This sequence of maps, showing America turning from blue to red, elicited strong reactions on the Reddit forum where it was published last week. For some, the takeover by Fox News illustrates the demise of all that's good and fair about news journalism. Among the comments?

  • "The end is near."
  • "The idiocracy grows."
  • "(It's) like a spreading disease."
  • "One of the more frightening maps I've seen."
For others, the maps are less about the rise of Fox News, and more about CNN's self-inflicted downward spiral:
  • "LOL that's what happens when you're fake news!"
  • "CNN went down the toilet on quality."
  • "A Minecraft YouTuber could beat CNN's numbers."
  • "CNN has become more like a high-school production of a news show."

Not a few find fault with both channels, even if not always to the same degree:

  • "That anybody considers either of those networks good news sources is troubling."
  • "Both leave you understanding less rather than more."
  • "This is what happens when you spout bullsh-- for two years straight. People find an alternative — even if it's just different bullsh--."
  • "CNN is sh-- but it's nowhere close to the outright bullsh-- and baseless propaganda Fox News spews."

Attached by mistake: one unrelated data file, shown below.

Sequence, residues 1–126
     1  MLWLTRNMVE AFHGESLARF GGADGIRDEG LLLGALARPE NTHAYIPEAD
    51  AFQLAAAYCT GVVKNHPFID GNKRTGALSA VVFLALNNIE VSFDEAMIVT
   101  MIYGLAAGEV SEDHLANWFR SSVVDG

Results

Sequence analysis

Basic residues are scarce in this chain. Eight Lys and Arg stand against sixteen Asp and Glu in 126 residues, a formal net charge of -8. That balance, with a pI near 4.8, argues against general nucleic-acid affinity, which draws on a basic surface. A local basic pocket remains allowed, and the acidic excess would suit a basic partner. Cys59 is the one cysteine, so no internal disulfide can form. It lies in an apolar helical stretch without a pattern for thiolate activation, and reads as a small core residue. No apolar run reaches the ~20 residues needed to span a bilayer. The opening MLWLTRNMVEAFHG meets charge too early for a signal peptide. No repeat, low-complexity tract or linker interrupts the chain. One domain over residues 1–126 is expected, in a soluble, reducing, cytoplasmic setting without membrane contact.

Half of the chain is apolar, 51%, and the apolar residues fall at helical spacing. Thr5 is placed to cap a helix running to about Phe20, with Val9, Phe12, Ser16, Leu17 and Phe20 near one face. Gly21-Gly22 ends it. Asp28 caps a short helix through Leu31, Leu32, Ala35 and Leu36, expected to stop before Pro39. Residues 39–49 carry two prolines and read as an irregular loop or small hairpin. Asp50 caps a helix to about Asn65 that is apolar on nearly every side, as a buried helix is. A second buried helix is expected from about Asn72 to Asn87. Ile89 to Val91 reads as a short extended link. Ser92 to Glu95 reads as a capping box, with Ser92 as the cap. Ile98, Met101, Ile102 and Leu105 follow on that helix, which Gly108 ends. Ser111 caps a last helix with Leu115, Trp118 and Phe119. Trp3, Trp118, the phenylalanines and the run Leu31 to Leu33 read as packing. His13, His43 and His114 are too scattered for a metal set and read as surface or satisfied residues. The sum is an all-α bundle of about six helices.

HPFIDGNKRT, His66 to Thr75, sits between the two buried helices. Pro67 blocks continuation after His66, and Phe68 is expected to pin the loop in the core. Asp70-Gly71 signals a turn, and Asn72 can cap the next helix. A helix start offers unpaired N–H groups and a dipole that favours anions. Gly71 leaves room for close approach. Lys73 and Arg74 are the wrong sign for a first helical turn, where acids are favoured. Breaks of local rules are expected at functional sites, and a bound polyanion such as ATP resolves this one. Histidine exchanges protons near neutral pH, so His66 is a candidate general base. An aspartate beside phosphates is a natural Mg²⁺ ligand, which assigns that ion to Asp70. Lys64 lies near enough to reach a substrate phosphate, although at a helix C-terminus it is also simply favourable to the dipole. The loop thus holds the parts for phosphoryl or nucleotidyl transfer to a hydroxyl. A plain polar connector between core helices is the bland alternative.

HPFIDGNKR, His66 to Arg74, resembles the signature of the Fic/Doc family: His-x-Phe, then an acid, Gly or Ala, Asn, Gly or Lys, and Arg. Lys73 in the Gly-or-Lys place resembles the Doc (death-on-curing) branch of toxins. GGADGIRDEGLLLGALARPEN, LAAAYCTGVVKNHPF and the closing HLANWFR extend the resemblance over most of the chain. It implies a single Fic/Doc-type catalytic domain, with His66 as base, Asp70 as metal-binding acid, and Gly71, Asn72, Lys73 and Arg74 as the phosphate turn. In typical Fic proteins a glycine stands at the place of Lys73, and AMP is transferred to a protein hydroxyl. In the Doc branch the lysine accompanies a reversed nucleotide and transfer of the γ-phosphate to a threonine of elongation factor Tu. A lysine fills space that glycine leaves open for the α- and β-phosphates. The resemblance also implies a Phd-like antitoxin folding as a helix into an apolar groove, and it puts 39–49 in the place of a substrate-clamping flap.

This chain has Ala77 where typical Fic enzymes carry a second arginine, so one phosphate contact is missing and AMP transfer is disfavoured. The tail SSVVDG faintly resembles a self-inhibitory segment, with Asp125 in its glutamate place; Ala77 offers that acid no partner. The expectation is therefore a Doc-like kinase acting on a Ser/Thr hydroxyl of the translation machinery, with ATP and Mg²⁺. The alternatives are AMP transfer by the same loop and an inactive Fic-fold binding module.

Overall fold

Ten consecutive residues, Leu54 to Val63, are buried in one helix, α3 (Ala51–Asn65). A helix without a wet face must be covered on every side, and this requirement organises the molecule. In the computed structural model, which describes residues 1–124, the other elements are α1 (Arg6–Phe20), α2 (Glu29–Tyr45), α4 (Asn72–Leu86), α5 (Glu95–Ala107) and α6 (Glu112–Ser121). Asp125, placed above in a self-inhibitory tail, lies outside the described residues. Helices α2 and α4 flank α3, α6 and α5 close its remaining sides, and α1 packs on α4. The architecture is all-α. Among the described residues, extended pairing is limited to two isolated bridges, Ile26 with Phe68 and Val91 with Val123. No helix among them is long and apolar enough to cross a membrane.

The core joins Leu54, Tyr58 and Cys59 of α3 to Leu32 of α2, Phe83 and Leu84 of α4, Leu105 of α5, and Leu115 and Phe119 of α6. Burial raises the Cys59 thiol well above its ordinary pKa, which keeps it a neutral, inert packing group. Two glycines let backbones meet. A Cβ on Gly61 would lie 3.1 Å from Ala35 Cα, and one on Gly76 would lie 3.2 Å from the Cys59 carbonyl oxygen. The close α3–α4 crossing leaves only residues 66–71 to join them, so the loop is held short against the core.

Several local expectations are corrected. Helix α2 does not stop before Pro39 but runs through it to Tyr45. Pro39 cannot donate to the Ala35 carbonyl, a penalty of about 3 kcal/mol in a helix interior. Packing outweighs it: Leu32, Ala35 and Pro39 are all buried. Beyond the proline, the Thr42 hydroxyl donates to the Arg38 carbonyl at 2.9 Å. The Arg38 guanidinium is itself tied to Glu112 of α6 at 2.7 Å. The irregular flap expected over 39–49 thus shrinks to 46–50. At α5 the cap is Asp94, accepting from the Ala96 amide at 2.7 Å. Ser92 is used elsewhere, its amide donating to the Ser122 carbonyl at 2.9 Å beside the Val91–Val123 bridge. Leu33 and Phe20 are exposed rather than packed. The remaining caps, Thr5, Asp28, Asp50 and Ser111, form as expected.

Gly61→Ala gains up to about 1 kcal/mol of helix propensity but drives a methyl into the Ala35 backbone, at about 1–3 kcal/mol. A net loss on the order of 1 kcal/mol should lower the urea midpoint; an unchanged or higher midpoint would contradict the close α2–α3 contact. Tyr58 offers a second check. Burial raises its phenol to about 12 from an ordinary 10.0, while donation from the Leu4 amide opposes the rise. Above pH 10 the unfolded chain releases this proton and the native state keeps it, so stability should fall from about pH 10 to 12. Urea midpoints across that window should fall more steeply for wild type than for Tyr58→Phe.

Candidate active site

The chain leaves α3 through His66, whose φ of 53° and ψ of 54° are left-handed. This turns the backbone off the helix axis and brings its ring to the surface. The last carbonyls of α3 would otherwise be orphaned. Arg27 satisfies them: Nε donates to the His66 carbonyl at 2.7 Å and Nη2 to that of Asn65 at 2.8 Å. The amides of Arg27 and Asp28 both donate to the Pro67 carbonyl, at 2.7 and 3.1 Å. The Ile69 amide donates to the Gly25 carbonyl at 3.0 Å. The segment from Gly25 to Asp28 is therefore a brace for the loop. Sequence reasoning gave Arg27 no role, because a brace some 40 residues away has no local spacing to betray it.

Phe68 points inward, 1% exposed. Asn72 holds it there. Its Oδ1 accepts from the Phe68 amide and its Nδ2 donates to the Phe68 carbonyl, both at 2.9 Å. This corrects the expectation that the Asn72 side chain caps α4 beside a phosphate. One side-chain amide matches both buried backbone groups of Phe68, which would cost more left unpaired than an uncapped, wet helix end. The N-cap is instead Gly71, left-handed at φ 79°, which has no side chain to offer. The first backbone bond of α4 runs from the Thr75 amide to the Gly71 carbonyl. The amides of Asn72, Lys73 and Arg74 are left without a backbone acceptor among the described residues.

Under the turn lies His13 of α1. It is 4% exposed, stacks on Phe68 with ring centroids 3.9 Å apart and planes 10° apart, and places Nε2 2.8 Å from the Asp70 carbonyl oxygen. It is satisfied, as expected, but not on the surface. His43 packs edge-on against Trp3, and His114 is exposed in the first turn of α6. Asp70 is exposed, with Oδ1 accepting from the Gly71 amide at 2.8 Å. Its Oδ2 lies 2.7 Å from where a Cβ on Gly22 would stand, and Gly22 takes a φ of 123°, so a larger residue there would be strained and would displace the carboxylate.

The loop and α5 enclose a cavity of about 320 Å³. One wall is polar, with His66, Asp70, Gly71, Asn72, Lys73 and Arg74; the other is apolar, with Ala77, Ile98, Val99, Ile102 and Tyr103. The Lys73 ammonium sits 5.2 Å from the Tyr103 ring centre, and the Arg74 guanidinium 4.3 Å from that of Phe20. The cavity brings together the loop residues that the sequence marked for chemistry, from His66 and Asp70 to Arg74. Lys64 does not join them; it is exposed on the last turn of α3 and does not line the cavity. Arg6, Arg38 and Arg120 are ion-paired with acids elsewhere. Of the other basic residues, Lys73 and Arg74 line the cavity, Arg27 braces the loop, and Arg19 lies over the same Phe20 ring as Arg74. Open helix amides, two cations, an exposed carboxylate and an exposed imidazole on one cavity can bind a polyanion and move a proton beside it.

"Old people learning to Google"

Image: Google Trends

CNN vs. Fox News search terms (200!-2018)

But what do the maps actually show? Created by SICResearch, they do show a huge evolution, but not of both cable news networks' audience size (i.e. Nielsen ratings). The dramatic shift is one in Google search trends. In other words, it shows how often people type in "CNN" or "Fox News" when surfing the web. And that does not necessarily reflect the relative popularity of both networks. As some commenters suggest:

  • "I can't remember the last time that I've searched for a news channel on Google. Is it really that difficult for people to type 'cnn.com'?"
  • "More than anything else, these maps show smart phone proliferation (among older people) more than anything else."
  • "This is a map of how old people and rural areas have learned to use Google in the last decade."
  • "This is basically a map of people who don't understand how the internet works, and it's no surprise that it leans conservative."